By Rep. John Conyers, Jr. (D-Mich.) and Brian Martin - 11/03/11 07:36 PM ET
John Conyers, Jr.
Domestic Violence Awareness Month officially ended Nov. 1, and October brought troubling headlines on the issue.
The City Council of Topeka, Kan., voted to repeal its domestic violence law in order to avoid the cost of prosecution due to a budget crisis. We have seen moves like this before. In 2009, the state of California eliminated all funding for domestic violence programs and services because of budget cuts. Only after a great and lengthy debate in the state legislature was partial funding restored.
There are recent examples of positive steps to address the intractable problem of domestic violence. On Oct. 12, the Makers of Memories Foundation participated in a special congressional briefing on Capitol Hill to educate policymakers, leaders and the public about the children affected by domestic violence, which UNICEF has called “one of the most damaging unaddressed human rights violations in the world today.”
Children who are raised in homes with domestic violence are 50 times more likely to abuse alcohol and other drugs and six times more likely to commit suicide. Shockingly, 90 percent of prison inmates report that they experienced domestic violence as children. This epidemic costs the United States more than $600 billion annually in direct and indirect costs, including hospital ER visits, workplace absenteeism, criminal justice expenses, substance abuse treatment, shelter support, mental health services and child-protection costs. But the truly staggering price is the loss of human potential. More than 40 million adults in this country were such children and are still struggling with the self-destructive falsehoods that they learned and internalized from their experience.
While it is common to hear calls for an “end to the cycle of violence,” it cannot logically end without a substantial focus on the children
Domestic violence programs throughout the country are focused primarily on adults who are involved in violent relationships. A range of services are offered, including temporary housing, crisis counseling, legal assistance, health services, vocational aid, substance abuse programs and anger management and other behavioral modification initiatives for perpetrators. The focus on children comes as a distant second concern. And yet children who are raised in violent homes are at great risk, because more than 75 percent of them will go on to repeat what they learned in adulthood.
Take the story of a man we’ll call Rod, a successful personal and corporate training entrepreneur. Rod witnessed his father abuse his mother regularly during his childhood. As a teen he resolved to become a Navy SEAL to learn to kill his father. Fortunately for Rod, his father died one week before he executed his plan.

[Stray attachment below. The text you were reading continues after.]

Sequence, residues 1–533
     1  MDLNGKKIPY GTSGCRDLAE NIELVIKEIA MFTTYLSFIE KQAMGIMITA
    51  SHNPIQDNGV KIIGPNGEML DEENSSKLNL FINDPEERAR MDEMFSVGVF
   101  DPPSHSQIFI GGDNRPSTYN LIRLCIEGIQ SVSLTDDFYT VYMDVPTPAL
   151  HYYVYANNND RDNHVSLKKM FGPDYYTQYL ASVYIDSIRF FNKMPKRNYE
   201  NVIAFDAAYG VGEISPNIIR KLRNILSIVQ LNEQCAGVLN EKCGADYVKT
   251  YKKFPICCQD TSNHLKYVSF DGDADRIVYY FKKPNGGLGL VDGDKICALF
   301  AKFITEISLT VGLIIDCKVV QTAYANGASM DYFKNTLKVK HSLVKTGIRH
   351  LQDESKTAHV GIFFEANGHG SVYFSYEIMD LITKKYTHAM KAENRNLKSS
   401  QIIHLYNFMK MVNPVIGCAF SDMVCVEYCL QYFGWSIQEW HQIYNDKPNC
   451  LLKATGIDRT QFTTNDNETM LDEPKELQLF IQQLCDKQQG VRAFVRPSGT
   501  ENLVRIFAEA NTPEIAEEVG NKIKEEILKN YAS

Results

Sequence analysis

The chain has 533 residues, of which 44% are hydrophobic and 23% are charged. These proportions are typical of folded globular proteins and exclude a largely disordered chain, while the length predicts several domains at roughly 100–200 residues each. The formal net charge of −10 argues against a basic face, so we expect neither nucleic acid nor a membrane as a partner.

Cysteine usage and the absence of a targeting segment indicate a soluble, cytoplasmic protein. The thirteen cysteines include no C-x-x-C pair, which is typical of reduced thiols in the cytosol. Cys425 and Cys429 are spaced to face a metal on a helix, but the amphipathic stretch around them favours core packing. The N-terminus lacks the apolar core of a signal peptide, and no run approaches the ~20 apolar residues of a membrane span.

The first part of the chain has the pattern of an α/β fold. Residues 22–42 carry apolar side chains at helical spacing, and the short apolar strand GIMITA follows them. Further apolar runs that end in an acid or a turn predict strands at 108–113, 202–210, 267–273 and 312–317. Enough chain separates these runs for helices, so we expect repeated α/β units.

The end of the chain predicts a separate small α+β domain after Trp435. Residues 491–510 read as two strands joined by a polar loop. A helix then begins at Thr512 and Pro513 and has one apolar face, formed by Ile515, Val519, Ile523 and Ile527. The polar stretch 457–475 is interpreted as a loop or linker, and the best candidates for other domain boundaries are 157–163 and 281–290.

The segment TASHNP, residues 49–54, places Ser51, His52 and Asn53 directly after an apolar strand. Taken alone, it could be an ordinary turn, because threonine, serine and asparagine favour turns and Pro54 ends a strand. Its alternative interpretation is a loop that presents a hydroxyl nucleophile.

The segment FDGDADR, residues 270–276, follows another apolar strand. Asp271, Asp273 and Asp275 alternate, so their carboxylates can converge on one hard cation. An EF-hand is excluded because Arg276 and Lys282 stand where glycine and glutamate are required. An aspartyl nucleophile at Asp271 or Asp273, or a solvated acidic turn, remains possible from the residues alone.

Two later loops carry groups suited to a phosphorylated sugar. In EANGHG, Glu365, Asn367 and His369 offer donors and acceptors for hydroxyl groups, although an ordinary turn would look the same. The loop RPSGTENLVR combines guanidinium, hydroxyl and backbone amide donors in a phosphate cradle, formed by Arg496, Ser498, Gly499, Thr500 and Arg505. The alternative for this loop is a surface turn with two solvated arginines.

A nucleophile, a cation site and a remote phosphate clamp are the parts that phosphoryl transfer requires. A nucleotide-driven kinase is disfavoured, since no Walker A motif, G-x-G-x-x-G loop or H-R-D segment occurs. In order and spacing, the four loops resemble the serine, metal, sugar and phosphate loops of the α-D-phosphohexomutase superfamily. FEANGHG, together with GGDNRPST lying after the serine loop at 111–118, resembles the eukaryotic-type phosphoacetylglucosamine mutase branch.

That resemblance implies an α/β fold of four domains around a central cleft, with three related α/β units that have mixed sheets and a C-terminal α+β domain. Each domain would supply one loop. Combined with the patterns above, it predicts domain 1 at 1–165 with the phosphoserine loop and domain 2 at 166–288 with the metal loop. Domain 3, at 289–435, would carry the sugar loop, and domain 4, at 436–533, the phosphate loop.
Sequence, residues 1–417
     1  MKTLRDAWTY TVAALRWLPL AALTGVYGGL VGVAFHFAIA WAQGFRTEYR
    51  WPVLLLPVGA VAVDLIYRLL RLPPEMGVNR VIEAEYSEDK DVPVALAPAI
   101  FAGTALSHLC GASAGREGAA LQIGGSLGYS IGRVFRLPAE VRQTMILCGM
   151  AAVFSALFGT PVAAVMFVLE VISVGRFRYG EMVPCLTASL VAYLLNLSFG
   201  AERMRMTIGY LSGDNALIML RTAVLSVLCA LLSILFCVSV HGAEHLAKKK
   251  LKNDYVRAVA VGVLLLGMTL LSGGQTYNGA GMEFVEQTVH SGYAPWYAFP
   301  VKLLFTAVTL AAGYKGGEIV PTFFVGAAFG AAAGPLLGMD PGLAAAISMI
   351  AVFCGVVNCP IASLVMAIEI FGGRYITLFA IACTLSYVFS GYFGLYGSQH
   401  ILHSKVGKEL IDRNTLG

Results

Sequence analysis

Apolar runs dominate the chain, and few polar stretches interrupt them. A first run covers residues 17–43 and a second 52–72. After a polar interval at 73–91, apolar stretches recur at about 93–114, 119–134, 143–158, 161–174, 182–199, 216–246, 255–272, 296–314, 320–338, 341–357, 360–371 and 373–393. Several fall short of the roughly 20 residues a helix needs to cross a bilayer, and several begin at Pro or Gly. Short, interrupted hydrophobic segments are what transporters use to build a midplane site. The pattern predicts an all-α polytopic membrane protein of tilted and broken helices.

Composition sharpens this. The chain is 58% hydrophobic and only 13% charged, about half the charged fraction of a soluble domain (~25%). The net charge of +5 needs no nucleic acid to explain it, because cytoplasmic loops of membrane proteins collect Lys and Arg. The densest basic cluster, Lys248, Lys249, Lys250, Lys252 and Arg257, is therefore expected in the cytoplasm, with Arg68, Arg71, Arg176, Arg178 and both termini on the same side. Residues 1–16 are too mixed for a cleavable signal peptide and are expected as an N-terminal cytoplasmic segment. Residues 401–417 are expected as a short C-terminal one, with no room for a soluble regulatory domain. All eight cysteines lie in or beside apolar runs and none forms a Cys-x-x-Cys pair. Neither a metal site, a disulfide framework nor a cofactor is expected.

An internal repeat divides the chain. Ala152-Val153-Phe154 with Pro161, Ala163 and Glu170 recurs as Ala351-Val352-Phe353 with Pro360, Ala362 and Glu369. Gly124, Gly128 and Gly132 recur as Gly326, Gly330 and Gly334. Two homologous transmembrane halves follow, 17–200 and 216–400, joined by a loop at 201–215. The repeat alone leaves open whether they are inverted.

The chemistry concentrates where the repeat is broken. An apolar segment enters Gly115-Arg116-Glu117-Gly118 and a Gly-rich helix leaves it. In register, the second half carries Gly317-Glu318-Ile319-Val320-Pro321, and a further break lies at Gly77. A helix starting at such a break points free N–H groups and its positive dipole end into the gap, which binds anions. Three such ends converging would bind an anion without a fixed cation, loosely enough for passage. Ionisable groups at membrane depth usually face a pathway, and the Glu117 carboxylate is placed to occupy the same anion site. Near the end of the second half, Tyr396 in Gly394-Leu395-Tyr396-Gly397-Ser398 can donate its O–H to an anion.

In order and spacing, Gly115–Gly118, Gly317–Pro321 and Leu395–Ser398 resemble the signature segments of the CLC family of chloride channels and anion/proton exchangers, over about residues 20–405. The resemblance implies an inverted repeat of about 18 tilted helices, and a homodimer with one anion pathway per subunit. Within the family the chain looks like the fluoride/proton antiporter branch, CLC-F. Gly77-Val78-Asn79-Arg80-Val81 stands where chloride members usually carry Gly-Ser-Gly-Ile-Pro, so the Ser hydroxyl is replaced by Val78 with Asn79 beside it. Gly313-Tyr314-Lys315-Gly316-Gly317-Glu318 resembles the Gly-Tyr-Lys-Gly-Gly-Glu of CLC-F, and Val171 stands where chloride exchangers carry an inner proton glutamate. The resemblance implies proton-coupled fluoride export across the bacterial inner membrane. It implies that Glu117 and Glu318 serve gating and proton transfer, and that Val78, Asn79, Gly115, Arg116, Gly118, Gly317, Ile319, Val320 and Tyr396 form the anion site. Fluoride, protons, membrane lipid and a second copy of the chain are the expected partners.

His story is not unique — the Department of Justice has reported that 63 percent of convicted murderers between the ages of 11 and 20 who commit homicide killed the man abusing their mothers.
Why does experiencing domestic violence put children at such risk? Using data that have only become available in the last decade, leading researchers have discovered that these children’s nervous systems and brain chemistry are often altered, changing who they are. Scientists have shown that the brains of children who are exposed to violence and trauma are flooded with the stress hormones adrenaline and cortisol, triggering a series of physical and emotional reactions by the body that impairs the brain’s logical response to stimulus. These patterns become hard-wired in the brain, leading children who experience chronic violence to have heightened and unhealthy levels of fear and anger. Their brains change in ways that can fundamentally alter their self-concept and behaviors, with lifelong consequences.
These children and the adults who once were these children desperately need a voice. They need to know that what they went through is an experience shared by millions and that it can be discussed openly. They need an adult to step into their lives to tell them “this is not your fault” and “you can have a compelling future.” They need to know that adult role models exist. People like former President Clinton, Oprah Winfrey, Halle Berry and countless others have overcome a childhood filled with violence. Practical ways to help children living with abuse are to engage teachers, counselors, clergy, mental health providers or other trusted members of the child’s protective network. Best practices vary by situation.
At the congressional briefing, as the ranking member of the House Judiciary Committee, I, John Conyers, called for an oversight hearing to assess where we are in our work on the impact of domestic violence on children, and what more can and should be done. Two congressional colleagues, Reps. Gwen Moore (D-Wis.) and Sheila Jackson Lee (D-Texas), also called for more action from the federal government. Following months of collaboration with colleagues and more than 20 local and national advocacy organizations, I will introduce this month a Violence Against Women Act reauthorization bill that increases focus on addressing the needs of youth affected by domestic violence.
While this is a start, the dialogue needs to continue.
The panelists who participated in the briefing, a cross section of pre-eminent scholars, survivors and nonprofit leaders from across the United States, have pledged their support to begin a national campaign to generate awareness about the problem of childhood exposure to domestic violence.
Conyers is ranking member of the House Judiciary Committee. Martin is founder and chairman of the Makers of Memories Foundation.